When investing in stocks, most people intuitively understand the difference between buying shares of a single company like Apple and buying an index fund or ETF that tracks the entire US stock market. The second portfolio will clearly be far more diversified than the first. But when investing in bonds, the situation is a bit murkier and less clear. In this article, we'll look at why that is and develop a framework to understand when it makes the most sense to buy an individual bond, and when it is better to buy a bond fund or ETF.
A Brief Reminder of What a Bond Actually Is
Before delving into the details, it's important to have a firm understanding of what a bond actually is. You'd be surprised how many get this step wrong!
At a basic level, a bond represents an IOU from a corporation or government to the bond holder. The bonds that we will discuss in this article are US Treasury bonds, so the IOU is to the US Government, which is legally obligated to pay you back (and can print money in order to do so!).
Bonds have a few characteristics you should be aware of. First, the “term” of the loan is legally set from the start. When a bond matures, the issuer essentially “repays” you the full face amount of the bond, also known as the “principal.” Confusing things somewhat, this is not necessarily the same amount that you purchased the bond for – depending on the prevailing interest rates, bonds can trade at a premium or discount to their face value. Because the coupons a bond pays are fixed, its price will go up when interest rates go down, and down when rates go up.
Second, there are a set of pre-determined coupons that are paid over the bond's terms that function as the equivalent of interest.
The most important numbers to know about any Treasury Bond is how many years are remaining until it matures, and what the “yield to maturity” is on the bond. The “yield to maturity” is a way of calculating the interest-rate on the bond. It is essentially the return that you are guaranteed to earn if you own the bond to maturity and re-invest all of the coupons. If you purchase a bond at face value on the date it originates, then the yield-to-maturity would be the same as the annualized coupon rate (coupon value per year divided by the face value).
The “yield curve” (representation of interest rates vs. maturities) is calculated from assembling the yield to maturities of different maturities of zero-coupon bonds (bonds that do not pay a semi-annual coupon). Usually, bonds with longer maturities will pay higher rates then those with shorter ones.
A bond fund or ETF is simply an instrument that buys up many individual bonds.
Why Diversification Is Not So Big of a Deal In Treasury Bond-Land
The biggest reason to invest in a stock ETF instead of purchasing individual shares is the diversification benefits that come from owning an entire index of stocks vs. owning just one or two individual stocks.
These same benefits apply from owning bonds that are subject to default risk, like those issued by corporations. Here, it makes sense not to place all your eggs in one basket.
But the situation is a bit different if you are considering investing exclusively in Treasury Bonds, which is actually something that we would recommend because we think that most investors are better off getting their corporate exposure through purchasing common stocks. What makes Treasury bonds different is that their issuer (the Treasury Department) has practically zero chance of defaulting, since the government can always print money in its own currency. And even if the US government were to cease paying back its debt (which, to be clear, is exceedingly unlikely), owning a diversified spectrum of Treasury Bonds likely would not help, since they all have the same issuer anyway.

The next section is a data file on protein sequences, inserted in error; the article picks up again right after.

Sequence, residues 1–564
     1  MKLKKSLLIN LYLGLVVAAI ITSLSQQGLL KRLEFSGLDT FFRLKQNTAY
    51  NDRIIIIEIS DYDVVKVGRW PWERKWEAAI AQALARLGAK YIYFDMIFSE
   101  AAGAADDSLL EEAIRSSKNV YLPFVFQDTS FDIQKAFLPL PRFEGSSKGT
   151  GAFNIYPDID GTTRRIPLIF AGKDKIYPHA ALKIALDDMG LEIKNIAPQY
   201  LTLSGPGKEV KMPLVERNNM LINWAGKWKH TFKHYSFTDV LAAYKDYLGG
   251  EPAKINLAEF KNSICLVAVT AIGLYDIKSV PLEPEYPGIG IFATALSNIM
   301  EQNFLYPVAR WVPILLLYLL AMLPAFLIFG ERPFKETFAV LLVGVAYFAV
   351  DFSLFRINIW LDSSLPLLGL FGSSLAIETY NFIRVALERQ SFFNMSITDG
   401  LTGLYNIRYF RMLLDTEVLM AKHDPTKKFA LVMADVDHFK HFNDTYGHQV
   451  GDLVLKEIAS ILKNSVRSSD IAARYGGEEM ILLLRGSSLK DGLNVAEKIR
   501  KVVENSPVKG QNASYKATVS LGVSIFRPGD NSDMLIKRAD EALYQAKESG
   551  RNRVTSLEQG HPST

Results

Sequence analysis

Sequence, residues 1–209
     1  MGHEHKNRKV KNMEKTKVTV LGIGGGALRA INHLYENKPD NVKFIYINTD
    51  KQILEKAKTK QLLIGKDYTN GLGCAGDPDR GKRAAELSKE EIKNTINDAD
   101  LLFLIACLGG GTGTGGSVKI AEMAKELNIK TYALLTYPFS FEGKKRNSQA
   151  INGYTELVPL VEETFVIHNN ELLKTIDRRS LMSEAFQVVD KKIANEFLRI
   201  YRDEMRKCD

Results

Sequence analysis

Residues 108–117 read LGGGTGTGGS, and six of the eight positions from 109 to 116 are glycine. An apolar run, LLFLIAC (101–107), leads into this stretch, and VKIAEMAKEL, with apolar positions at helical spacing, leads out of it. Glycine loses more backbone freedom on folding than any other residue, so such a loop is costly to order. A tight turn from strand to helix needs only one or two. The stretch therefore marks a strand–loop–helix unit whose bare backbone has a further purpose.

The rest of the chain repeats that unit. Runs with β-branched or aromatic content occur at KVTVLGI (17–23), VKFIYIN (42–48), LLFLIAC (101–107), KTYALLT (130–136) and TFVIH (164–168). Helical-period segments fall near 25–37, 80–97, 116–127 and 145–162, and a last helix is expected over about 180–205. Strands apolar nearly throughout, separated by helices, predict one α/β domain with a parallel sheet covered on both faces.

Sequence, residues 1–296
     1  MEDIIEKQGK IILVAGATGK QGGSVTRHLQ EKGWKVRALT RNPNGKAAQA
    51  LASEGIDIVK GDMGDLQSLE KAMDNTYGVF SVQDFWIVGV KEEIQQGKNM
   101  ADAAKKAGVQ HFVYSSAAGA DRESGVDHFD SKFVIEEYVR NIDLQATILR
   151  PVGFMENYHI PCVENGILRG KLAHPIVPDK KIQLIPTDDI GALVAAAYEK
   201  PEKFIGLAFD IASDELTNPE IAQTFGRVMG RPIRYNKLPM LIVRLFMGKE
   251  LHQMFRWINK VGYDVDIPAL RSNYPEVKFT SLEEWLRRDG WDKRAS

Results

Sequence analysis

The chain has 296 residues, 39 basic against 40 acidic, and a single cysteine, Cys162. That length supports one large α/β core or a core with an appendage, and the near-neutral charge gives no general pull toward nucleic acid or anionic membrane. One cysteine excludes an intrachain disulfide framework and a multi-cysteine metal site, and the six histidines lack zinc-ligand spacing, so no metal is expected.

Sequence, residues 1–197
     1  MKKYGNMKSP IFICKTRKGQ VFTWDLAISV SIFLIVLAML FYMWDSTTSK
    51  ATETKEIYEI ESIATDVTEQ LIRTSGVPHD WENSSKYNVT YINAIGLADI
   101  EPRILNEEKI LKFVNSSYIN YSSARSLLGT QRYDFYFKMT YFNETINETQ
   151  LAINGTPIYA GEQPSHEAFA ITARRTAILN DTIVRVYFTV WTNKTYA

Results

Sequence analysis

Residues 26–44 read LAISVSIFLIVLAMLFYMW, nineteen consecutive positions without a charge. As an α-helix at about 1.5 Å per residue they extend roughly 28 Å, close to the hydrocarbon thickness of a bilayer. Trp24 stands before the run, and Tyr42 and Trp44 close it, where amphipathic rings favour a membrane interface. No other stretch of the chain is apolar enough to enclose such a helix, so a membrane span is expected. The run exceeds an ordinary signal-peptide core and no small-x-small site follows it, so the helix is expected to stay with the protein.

This doesn't mean that every Treasury Bond is functionally the same. As we've already discussed, the single largest factor that separates Treasury Bonds from one another is their time until maturity. Some bonds will last only a year, others may last thirty years. One measure of the length of a bond is its time to maturity. A somewhat better measure of the length of a bond is known as its "duration"*. The difference between these two measures is beyond the scope of this article.
So does it make sense to construct a diversified portfolio of Treasury Bonds with different durations?
The answer is “not really.” That's because at a portfolio level, the key thing to focus on is your average duration. As a first order approximation, owning a collection of 100 bonds with a weighted-average duration of 8 years is not terribly different than owning a single Treasury bond with a weighted-average duration of 8 years. Your portfolio will respond in a similar way when interest rates go up or down.
The Biggest Difference Between Owning an Individual Bond and Owning a Bond Fund
While there are no great diversification benefits to be had in Treasury-bond land, there are some significant differences between owning bonds outright and through an ETF.
A key thing to internalize about owning bonds outright is that the characteristics of an individual bond will change as it gets closer to its maturity date. Long-term bonds will inevitably turn into short-term bonds after the passage of some time.
To put this concretely, if you buy a 20 Year Treasury Bond yielding 2.5%, in ten years time you will no longer have a 20 Year Treasury bond yielding 2.5%. You will have a 10 Year Treasury Bond that probably yields some lower amount by virtue of the fact that its price will have appreciated a little (because interest rates are generally greater on longer-term bonds than on shorter-term bonds, particularly at times like today when the yield curve is highly “sloped”). This shorter-term bond will function differently than the longer-term bond that you initially bought.
Since longer-term bonds have quite different risks and returns than short-term bonds, if you wanted to retain exposure to longer-term bonds in the context of your portfolio, you would have to constantly “re-balance” your Treasury bonds by selling your old bonds and buying newer, fresher ones.
ETFs and Treasury bonds make this relatively easy by doing this for you. A bond fund will typically have a mandate to keep its average duration around the same level, so as its bonds “age”, it either sells them and replaces them with new ones, or just manages its overall portfolio to maintain a fairly constant duration.
So one way to think about a long-term Treasury bond fund, such as TLT, is that it's like a long-term Treasury bond that never ages.
If You Buy an Individual Zero-Coupon Bond and Hold it to Maturity, Your Returns Are Guaranteed
Some people are attracted to bonds because of the guaranteed nature of their returns. After all, the sector is frequently known as “fixed” income. If you are one of those, it is critical to realize under what circumstances your returns are actually “fixed.”